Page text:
A few weeks ago the IGG had senior officials of Uganda Development Bank (UDB) hauled before the courts, alleging that they had victimized a whistleblower.
The whistleblower earlier this year had reported to police that there was something irregular with a $11m loan being processed for Savannah Commodities Ltd. Savannah needed the money to increase their grain processing capacity. More on that later.
It always plays well before the gallery when the big fish are arrested and paraded before the public. The clamour for something to be done about corruption is palpable wherever you go.
The financial system is not immune to its share of shenanigans but the way you confront corruption in the financial system cannot be the same way you confront the village thief, still licking his fingers after disposing of the stolen chicken.
The financial system is based on confidence, you undermine that confidence and nothing will be worth anything. If you think about it the money we carry in our pockets is just a coloured representation of our confidence in the government and our financial system. A dent to that confidence leads to debasement of the currency – the reason governments come down hard on money counterfeiters.
A bank’s biggest asset is the confidence of its clients and business partners. That is how bank’s can collect deposits many times the size of their shareholders’ capital.
No economy can grow or sustain growth without a financial system which commands the confidence of the population. Ask the western economies. At the heart of the recent global financial crisis was a collapse in confidence in the financial system.
The law enforcement agencies should investigate all criminal allegations to their logical conclusion wherever it is suspected that they have been committed.
However one has got to wonder about the current case against UDB’s officials.
At the center of the case is the loan to Savannah Commodities. The whistleblower brought this to the police attention because it seemed to contravene banking laws. According to the law a bank cannot lend to one player more a certain percentage of its capital. The $11m being processed for Savannah well exceeded this limit.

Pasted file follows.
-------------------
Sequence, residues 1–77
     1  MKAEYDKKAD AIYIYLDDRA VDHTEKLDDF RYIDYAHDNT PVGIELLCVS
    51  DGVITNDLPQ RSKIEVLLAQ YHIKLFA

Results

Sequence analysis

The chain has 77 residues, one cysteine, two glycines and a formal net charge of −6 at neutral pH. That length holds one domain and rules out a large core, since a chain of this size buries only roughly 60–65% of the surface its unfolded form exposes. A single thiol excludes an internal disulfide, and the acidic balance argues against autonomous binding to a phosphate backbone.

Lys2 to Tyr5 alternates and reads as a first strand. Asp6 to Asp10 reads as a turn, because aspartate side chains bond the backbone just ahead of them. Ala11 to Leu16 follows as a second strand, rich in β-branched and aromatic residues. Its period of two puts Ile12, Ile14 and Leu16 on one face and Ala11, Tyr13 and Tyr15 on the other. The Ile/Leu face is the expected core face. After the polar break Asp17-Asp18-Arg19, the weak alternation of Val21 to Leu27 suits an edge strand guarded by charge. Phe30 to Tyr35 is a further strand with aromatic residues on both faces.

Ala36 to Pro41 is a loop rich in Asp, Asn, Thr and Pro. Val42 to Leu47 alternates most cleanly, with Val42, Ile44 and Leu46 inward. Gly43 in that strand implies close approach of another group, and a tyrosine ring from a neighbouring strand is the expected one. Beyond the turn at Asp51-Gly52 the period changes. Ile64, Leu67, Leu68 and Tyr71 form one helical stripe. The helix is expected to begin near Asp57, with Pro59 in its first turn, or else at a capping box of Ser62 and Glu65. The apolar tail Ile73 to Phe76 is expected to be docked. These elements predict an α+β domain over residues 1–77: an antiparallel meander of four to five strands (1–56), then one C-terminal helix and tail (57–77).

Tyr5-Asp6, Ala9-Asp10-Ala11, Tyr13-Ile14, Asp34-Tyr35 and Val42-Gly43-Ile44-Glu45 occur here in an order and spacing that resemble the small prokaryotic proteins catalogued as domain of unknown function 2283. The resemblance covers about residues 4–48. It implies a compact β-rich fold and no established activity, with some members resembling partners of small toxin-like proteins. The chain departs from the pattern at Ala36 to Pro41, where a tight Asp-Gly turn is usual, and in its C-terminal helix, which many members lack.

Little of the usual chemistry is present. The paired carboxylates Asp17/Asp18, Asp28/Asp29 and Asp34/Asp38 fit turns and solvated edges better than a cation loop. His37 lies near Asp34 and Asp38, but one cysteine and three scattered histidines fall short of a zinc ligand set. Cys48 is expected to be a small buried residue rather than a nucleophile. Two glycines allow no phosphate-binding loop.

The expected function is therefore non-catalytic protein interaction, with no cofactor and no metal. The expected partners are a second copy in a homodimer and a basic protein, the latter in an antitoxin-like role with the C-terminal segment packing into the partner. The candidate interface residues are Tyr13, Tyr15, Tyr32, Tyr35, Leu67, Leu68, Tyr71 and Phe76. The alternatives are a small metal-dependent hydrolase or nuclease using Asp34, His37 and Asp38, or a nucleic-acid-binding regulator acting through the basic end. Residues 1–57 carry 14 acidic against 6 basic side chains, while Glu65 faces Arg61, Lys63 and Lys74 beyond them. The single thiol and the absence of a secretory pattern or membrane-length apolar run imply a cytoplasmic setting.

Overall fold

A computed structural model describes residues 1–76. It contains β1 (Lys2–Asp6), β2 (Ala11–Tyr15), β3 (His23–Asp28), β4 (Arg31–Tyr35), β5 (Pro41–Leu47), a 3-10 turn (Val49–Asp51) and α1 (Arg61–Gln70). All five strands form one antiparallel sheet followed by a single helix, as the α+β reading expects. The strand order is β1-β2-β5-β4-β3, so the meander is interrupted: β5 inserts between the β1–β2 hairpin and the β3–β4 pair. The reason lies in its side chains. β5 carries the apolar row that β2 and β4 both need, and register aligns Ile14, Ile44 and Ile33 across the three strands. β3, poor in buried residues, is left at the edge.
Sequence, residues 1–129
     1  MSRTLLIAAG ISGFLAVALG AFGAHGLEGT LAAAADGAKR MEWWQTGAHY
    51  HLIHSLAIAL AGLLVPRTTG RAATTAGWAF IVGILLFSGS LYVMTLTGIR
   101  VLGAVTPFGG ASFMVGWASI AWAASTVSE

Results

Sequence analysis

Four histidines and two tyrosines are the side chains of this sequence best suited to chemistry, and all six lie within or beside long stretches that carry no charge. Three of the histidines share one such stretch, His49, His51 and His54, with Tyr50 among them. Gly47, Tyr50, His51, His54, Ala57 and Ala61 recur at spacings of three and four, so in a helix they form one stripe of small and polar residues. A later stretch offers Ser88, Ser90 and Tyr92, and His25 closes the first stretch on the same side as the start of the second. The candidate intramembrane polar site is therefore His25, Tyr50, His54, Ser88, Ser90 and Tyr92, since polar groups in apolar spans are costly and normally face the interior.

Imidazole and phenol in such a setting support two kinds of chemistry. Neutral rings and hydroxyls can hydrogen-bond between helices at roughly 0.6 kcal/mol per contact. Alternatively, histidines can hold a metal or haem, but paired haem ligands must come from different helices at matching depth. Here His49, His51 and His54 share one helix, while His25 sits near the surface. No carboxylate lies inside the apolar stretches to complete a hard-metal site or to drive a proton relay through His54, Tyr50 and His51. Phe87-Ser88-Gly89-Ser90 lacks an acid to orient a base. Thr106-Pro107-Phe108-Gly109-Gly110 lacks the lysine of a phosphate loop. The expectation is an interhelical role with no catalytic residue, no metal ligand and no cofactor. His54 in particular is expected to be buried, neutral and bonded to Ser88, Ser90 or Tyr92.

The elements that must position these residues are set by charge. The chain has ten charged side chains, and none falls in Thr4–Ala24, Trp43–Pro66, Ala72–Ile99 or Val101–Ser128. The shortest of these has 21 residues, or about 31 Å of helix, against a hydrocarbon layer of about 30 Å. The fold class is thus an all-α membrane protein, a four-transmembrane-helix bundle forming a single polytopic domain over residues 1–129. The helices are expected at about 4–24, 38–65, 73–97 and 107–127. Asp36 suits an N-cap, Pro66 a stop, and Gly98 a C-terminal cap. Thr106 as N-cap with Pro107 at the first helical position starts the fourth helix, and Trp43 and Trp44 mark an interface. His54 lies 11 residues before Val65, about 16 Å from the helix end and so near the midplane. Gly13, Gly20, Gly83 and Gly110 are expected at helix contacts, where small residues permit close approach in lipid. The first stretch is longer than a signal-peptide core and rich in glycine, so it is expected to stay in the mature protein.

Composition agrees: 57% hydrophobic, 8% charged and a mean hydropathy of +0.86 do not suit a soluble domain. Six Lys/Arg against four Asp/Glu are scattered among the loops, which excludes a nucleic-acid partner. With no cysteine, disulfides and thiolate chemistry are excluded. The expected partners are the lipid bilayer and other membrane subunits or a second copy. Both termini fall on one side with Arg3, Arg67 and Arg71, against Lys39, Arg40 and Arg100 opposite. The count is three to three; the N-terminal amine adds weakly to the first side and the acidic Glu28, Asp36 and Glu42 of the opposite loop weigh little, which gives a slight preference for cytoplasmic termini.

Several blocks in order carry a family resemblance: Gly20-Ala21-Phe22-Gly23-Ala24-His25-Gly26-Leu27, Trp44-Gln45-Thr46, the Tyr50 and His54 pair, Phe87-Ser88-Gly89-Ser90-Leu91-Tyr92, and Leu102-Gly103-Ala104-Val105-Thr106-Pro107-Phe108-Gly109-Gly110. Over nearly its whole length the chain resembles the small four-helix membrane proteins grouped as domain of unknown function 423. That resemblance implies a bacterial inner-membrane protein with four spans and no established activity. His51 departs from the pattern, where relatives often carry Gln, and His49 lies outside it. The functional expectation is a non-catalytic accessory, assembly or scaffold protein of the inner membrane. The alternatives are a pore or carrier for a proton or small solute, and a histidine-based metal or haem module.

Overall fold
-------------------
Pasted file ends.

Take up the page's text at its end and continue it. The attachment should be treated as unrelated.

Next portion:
What the whistleblower neglected to mention to the police is that the loan to Savannah was not from UDB. The multi-million dollar facility was to come from the Cairo based African Export Import Bank with UDB serving as its agent in Uganda. So UDB was not bursting its own limits in facilitating the loan.
Of course as a result of the brouhaha the loan has not been disbursed, which may be the lesser loss in this whole sordid affair.
As for victimizing the whistleblower the court proceedings will make for interesting reading too and may serve as a useful opportunity for the IGG to re-examine its procedures.
To sustain development of any economy development banks are a key piece of infrastructure. Development banks have access to long term funds which can be used to finance the big projects in infrastructure, manufacturing and real estate, which take a long time to show results and therefore cannot be helped by short term loans offered by commercial banks.
For the law enforcement agencies run rough shod over an institution like UDB on the strength or weakness of an allegation you wonder about uncoordinated troop movements in the government.
On one hand we are talking about attaining middle income status in the next decade or so and with the other hand we are ripping out the guts that will make that aspiration real.
Again the law enforcement agencies have every right to go after suspected errant officials, and given the current climate in the country they will have plenty of people cheering them on. But they must be sensitive to the reality that their actions have far reaching repercussions for the country.
Millions of dollars in much needed long term finance to this country have now been frozen or cancelled all together on the basis of a case that the courts I suspect will make short work of. And for what? So that some official can earn cheap marks?
In our exuberance to fight corruption we need to be careful that we do not throw out the baby with the bathwater.